International development charity WaterAid has launched its first virtual reality documentary, Aftershock. The film immerses viewers in the unique challenges faced by hill-top communities in Nepal to restore access to water in the aftermath of last year’s devastating earthquakes.
Shot in the village of Kharelthok, Aftershock uses the power of film to engage viewers as they follow plumber Krishna Sunuwar, 58, taking on the challenge of repairing the community’s damaged water system.
“Virtual reality gives us the opportunity to take people closer to our work than ever previously possible,” said Catherine Feltham, WaterAid film producer. “By using this new medium we hope to engage supporters in the reality of where we work and the challenges we face as well as inspire them by proudly showing how we work alongside fantastic community members and project partners. The beauty of this medium is that it allows the viewer to be fully immersed and we look forward to seeing the reactions of people all over the world as they are transported to Kharelthok.”
Across earthquake-affected areas in the region, nearly half of all water supplies were destroyed leaving thousands of people without enough clean water and vulnerable to disease.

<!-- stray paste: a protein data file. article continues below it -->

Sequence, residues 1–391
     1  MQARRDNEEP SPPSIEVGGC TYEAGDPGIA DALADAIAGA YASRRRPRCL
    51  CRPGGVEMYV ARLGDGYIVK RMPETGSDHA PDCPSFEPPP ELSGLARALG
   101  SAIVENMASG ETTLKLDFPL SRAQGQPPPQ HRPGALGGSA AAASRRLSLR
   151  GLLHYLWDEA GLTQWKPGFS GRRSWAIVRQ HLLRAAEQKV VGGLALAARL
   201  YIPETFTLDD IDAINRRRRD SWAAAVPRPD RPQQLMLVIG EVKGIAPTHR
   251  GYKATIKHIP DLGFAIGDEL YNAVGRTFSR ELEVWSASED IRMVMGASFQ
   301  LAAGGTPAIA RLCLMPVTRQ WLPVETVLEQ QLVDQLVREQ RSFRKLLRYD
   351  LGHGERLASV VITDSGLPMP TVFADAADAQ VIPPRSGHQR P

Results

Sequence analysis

The film was funded by HSBC as part of WaterAid’s global partnership with the HSBC Water Programme. Over five years, this partnership has reached 1.4 million people with safe water and 2.1 million people with sanitation across Bangladesh, India, Nepal, Pakistan, Ghana and Nigeria.
“I have seen first-hand WaterAid’s work, which is bringing improvements to so many lives,” said Sue Alexander, HSBC Senior Manager of Environmental Programmes. “Through the medium of virtual reality, we can bring people closer to that experience. Aftershock tells a powerful story that is a reality for millions of people living without access to safe water, and we’re delighted to help bring this issue and the important work of our partners to life.”
WaterAid, together with partners, is supporting Nepal’s long-term recovery over the next two years. Using a ‘build back better’ approach, the project aims to reach 30,000 people living in earthquake-affected areas with access to safe water, sanitation and hygiene.